Understanding Well-being Data

chapter 7 Evidencing Culture for Policy

Being an artist and well-being

For those of you who didn’t watch Disney-Pixar’s Soul at Christmas in 2020 (and again for those of you who didn’t watch it, I’ll try to not spoil it), the film places a lot of emphasis on the meaning of music for the main character, Joe Gardner. He sees music—specifically jazz—as his purpose in life. The cruel twist is that, just as Joe gets his big break, and is on the cusp of being able to make music—in a real band—not just as an elementary school teacher, this big break is jeopardised. Ironically, it is the sheer joy at his big break that leads to this twist of fate. The unfairness of Joe not getting to fulfil his potential keeps us rooting for him through a meandering journey of self-discovery. Much of the journey is watching him strive to get back to where he was, so that he is able to enjoy that big break.

The over-riding feeling for most of the movie is that, for Joe, ‘making it’ in music is what will make his life worthwhile. The movie goes some way to explain the moment of getting lost in music, something that positive psychologists have described as ‘flow’,((Flow is an important concept for thinking about how subjective well-being is conceptualised as experience. Positive psychologist, Mihaly Csikszentmihalyi, in particular has spent much of his career looking into how people get lost in flow, and he studied artistic practitioners to understand ‘flow’ (1997). His 1975 study of the nature of enjoyment was largely based on expert cultural practitioners, such as dancers and musicians. Years later, interested in ‘flow’ in everyday life, Csikszentmihalyi returned to the study of creative professionals, and with colleague Nakamura, theorised ‘vital engagement as a relationship to the world’ that is characterised both by experiences of fow (enjoyed absorption) and by meaning (subjective significance) (Nakamura and Csikszentmihalyi 2002; Csikszentmihalyi and Hunter 2003).)) but which the movie describes as ‘in the zone’. You watch Joe reflect on what he thinks amounts to his meaningless existence, like the existential philosophers before him. There is also a moment where you watch Joe, sitting on a New York sidewalk, feel the sun on his face and wonder at a helicopter seed spiralling from a tree. This—‘being in the moment’—differs from flow. In flow, you are lost in your thoughts, in an activity, whereas being in the moment is about being present in your body, and is what mindfulness practice is based on. This Disney movie better describes some of the complex theoretical imaginings of well-being than thousands of years of philosophers we’ve come across before in this book—possibly this is of no surprise?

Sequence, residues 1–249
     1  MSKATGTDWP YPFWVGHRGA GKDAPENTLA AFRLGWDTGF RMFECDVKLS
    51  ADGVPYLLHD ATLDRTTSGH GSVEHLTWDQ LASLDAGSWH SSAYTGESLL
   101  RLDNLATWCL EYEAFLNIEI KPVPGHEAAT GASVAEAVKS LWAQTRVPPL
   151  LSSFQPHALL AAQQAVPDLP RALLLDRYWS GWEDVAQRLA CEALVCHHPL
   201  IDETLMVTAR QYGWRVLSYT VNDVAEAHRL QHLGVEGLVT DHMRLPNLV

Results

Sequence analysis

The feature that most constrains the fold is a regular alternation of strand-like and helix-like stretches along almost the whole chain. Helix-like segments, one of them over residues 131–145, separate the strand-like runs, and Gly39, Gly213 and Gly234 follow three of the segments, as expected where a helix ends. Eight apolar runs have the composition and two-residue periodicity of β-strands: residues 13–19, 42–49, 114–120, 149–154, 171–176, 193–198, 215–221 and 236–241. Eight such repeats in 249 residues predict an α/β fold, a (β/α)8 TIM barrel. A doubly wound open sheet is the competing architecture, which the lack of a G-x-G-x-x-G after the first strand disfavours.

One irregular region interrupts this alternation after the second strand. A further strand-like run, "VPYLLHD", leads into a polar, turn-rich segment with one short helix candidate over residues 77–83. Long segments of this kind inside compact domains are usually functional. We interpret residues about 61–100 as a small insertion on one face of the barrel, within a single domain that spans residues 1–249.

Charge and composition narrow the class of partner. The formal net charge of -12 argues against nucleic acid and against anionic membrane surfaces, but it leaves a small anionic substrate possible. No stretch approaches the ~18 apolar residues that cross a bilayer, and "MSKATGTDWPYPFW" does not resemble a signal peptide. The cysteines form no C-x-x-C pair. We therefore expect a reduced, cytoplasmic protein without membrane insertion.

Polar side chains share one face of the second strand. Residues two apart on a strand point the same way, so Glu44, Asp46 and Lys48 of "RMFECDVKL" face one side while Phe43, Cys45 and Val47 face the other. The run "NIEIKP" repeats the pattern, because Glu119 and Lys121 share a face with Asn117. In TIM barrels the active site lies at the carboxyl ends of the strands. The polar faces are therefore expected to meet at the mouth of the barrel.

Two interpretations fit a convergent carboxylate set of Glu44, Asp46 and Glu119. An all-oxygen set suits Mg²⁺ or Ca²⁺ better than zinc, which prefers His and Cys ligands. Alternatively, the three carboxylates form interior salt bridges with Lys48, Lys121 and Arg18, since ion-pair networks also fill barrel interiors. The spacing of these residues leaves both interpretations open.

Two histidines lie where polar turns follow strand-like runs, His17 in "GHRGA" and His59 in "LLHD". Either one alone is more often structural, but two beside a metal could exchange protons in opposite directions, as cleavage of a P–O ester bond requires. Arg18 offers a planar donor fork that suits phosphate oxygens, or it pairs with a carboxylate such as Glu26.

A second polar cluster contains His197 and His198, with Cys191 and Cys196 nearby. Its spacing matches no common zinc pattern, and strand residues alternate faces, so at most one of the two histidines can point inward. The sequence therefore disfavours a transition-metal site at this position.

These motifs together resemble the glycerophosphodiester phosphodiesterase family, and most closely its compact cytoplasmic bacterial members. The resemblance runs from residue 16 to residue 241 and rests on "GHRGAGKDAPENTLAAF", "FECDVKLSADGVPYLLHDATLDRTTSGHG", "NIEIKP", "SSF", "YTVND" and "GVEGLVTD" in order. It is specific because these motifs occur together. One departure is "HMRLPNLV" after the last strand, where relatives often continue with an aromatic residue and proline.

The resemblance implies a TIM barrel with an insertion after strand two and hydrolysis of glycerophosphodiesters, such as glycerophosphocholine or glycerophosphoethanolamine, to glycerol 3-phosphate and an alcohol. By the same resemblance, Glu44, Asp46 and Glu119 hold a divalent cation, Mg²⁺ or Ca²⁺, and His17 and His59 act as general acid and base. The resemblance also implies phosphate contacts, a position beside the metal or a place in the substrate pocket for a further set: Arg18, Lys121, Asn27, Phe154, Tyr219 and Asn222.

The drive to be able to do something creative as a job—and in the way you want—is not just the stuff of Disney films. In fact, being an artist of sorts has long been seen as desirable and holds much symbolic value.((You may remember we talked about symbolic value back in Chap. 2, where something’s value is more than its material or financial value, and involves something’s status.)) Idealised representations of creative and cultural jobs include creativity and expression, autonomy and passion—or doing something you love. The realities are often far harsher: with independence comes precarity of employment; there are inequalities in opportunities to ‘do what you love’. Often people end up working for money doing something associated to their creative practice—like our main character Joe being a music teacher, while awaiting his big break. Also, the rarity of opportunity to do what you love, and to be expressive and creative, often means you are expected to put up with being treated badly, or indeed to work for free, which is not an option for all.((See Brook et al. (2020) for compelling evidence and arguments on this matter, with nods to the more on the extensive literature on the many issues of creative labour.))

In short, the idea of being an artist is an ideal and the reality of creative occupations is quite different. While quality work is seen as important for well-being1, the actual quality of creative work and the anxieties that accompany the lifestyle necessary of such occupations make it an interesting case for well-being research. The idea of creative work or being an artist is filled with contradictions that deserve attention, and yet the well-being of ‘creatives’ and artists is less frequently looked at than you may imagine (as the publications we are about to look at tell us).

  1. What Works Wellbeing 2017 []